Moreover, the first integrator can be formed using two integrators and a single feedback circuit. Because this configuration creates a resonant circuit structure, in which signals from the output terminals of two integrators return to the input terminals via a feedback circuit, quantization noise can be further attenuated based on a noise filter characteristic possessing steeper attenuation properties, e.g. such as that of a Chebyshev filter, because in the noise filter characteristic between input and output, the zero points of the closed loop can be moved from the DC point to any position on the unit circle of the Z plane.

Moreover, it is preferable that a filter order switching control portion is connected so as to control the operation of the first to fourth switching circuits and the characteristics of the first integrator, including the filter order, can be made variable by selectively switching the timing of operation and the paths of the charge-holding circuits being used based on control signals obtained from the filter order switching control portion.

Because this configuration permits changing integrator filter characteristics by selectively switching the first and second feedback circuits being used, even when the required input signal frequency band and SNR characteristics are switched, optimum SNR characteristics can be obtained by switching the filter order of the integrators.

Moreover, even when the period of the sampling time interval is varied, the first and second feedback circuits can be selectively switched such that the filter characteristics of the integrators will not change, and, as a result, the same input signal frequency band can be ensured regardless of the variation in the sampling time interval.

Moreover, the clocks controlling the sampling time intervals based on the first to fourth switching circuits can be formed using multiple clocks with different clock duty ratios. Generally speaking, in a Delta-Sigma AD converter with an n-th order filter configuration, noise degradation due to settling characteristic degradation is reduced with each subsequent integrator by the noise-shaping effect and requirements related to integrator output settling accuracy can be relaxed. Based on the above-described configuration, even with the same control clock interval, the SNR characteristics can be improved by adjusting the magnitude of the sampling time interval such that the sampling time interval is made longer using control directed at the operation of the integrator on the preceding-stage side and the sampling time interval is made shorter using control directed at the operation of the integrator on the subsequent-stage side.

Moreover, a configuration may be used, in which the clocks with different clock duty ratios are generated by means of frequency division from a single base clock. In accordance with this configuration, the SNR characteristics can be improved because jitter and other noise produced by the base clock is cut in half each time the frequency is halved.

Moreover, a configuration may be used, in which electric current supplied to the first integrator is switched in synchronism with the sampling timing. In accordance with this configuration, integrator current consumption can be reduced using control directed at the operation of the integrator on the subsequent-stage side, which can relax integrator output settling accuracy requirements, and, as a result, the current consumption of the Delta-Sigma AD converter can be reduced without degrading the SNR characteristics.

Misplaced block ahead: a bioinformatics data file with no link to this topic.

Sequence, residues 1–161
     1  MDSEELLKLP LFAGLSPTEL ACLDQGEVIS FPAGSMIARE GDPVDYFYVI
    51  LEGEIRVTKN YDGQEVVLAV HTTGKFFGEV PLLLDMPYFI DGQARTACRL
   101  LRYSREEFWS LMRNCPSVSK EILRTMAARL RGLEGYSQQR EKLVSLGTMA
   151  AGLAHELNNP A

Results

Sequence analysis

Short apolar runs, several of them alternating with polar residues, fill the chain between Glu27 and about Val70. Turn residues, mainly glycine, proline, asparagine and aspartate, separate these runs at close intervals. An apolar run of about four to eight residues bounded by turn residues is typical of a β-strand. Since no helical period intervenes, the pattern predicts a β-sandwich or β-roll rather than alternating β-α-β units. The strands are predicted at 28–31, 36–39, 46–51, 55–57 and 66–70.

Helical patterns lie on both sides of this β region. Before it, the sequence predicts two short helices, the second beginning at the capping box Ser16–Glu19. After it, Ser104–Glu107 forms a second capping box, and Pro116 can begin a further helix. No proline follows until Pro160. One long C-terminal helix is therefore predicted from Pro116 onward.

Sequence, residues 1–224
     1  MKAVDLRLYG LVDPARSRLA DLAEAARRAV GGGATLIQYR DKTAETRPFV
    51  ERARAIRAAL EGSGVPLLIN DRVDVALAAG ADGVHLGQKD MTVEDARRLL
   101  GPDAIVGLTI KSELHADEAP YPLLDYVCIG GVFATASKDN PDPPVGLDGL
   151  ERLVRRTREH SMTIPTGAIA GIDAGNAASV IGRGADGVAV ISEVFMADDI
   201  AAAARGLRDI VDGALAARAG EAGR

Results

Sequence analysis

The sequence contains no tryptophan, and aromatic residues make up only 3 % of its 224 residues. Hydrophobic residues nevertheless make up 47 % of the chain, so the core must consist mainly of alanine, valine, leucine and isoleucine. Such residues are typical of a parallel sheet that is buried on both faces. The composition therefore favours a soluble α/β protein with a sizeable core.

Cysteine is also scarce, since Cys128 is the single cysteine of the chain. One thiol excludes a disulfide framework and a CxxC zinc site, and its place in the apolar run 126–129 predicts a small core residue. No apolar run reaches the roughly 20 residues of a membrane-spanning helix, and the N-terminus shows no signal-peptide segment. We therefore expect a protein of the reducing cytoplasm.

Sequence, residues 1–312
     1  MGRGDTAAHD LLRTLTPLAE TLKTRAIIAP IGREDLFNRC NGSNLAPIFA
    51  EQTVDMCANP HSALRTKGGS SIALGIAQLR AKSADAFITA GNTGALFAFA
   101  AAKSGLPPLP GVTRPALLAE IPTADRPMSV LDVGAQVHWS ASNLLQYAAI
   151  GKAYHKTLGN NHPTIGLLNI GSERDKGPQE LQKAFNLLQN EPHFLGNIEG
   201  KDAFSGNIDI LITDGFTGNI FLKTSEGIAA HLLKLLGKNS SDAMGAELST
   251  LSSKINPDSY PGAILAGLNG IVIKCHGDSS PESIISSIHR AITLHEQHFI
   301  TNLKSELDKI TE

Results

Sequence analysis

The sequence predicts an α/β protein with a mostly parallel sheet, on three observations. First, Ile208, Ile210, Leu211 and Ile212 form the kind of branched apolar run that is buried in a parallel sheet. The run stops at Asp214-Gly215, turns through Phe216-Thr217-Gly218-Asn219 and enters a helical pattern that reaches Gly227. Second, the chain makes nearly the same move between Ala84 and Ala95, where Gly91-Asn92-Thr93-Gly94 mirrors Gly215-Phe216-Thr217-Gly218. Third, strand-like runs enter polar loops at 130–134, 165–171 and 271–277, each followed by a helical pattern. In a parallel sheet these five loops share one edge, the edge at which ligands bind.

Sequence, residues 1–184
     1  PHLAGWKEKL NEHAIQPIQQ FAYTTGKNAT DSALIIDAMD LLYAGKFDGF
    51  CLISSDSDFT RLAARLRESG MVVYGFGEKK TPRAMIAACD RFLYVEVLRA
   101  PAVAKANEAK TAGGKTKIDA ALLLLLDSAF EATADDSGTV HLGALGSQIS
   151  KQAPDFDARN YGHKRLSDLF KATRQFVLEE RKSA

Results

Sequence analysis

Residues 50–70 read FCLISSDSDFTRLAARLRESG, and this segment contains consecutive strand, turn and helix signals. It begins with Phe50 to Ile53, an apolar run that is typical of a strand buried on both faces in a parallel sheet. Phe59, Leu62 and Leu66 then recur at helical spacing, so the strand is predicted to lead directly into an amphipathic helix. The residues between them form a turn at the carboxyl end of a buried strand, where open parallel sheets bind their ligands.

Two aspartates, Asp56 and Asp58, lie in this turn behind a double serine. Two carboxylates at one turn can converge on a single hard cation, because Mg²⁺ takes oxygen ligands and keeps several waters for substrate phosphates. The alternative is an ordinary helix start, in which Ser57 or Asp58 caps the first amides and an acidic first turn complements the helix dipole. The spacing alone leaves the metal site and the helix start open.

Embodiments of the present invention are described below with reference to drawings.

EMBODIMENT 1

FIG. 1 shows a block diagram of a Delta-Sigma AD converter according to Embodiment 1 of the present invention. This Delta-Sigma AD converter is formed of a subtractor 1, a first integrator 2, a quantizer 3, a digital-to-analog converter 4, switching circuits 5, 7, 8 and 10, a first and second feedback circuits 6 and 9, and an input circuit 11.

The first feedback circuit 6 is formed of multiple charge-holding circuits (D1, b1)-(Dn, bn), with these charge-holding circuits switched by the switching circuits 5 and 7 and selectively connected between the first integrator 2 and the subtractor 1. The second feedback circuit 9 is formed of multiple charge-holding circuits (D2, b2)-(Dn, an), with these charge-holding circuits, along with a charge-holding circuit (D1, a1) constituting the input circuit 11, switched by the switching circuits 8 and 10 and selectively connected between the digital-to-analog converter 4 and subtractor 1.

The operation of the switching circuits 5, 7, 8 and 10 is carried out in accordance with clock signals supplied by a clock generator 12. Moreover, the switching circuits 5, 7, 8 and 10 can be switched by selecting the paths and timing of operation of the charge-holding circuits of the first and the second feedback circuits 6, 9 based on control signals obtained from a filter order switching control portion 13.

Furthermore, as described below, a current switching control portion 14 is provided for switching the electric current supplied to the first integrator 2.

This embodiment describes an example, in which the converter is a discrete sampling type Delta-Sigma AD converter and the input circuit 11, as well as the first and second feedback circuits 6, 9, are formed of switched-capacitor circuits.

In other words, the input circuit 11, as well as the first and second feedback circuits 6, 9, can be formed, for instance, from switched-capacitor circuits comprising, as shown in FIG. 2, a capacitor Cs with a capacitance of Cs and four MOS switches 15 a-15 d. Its operation is as follows.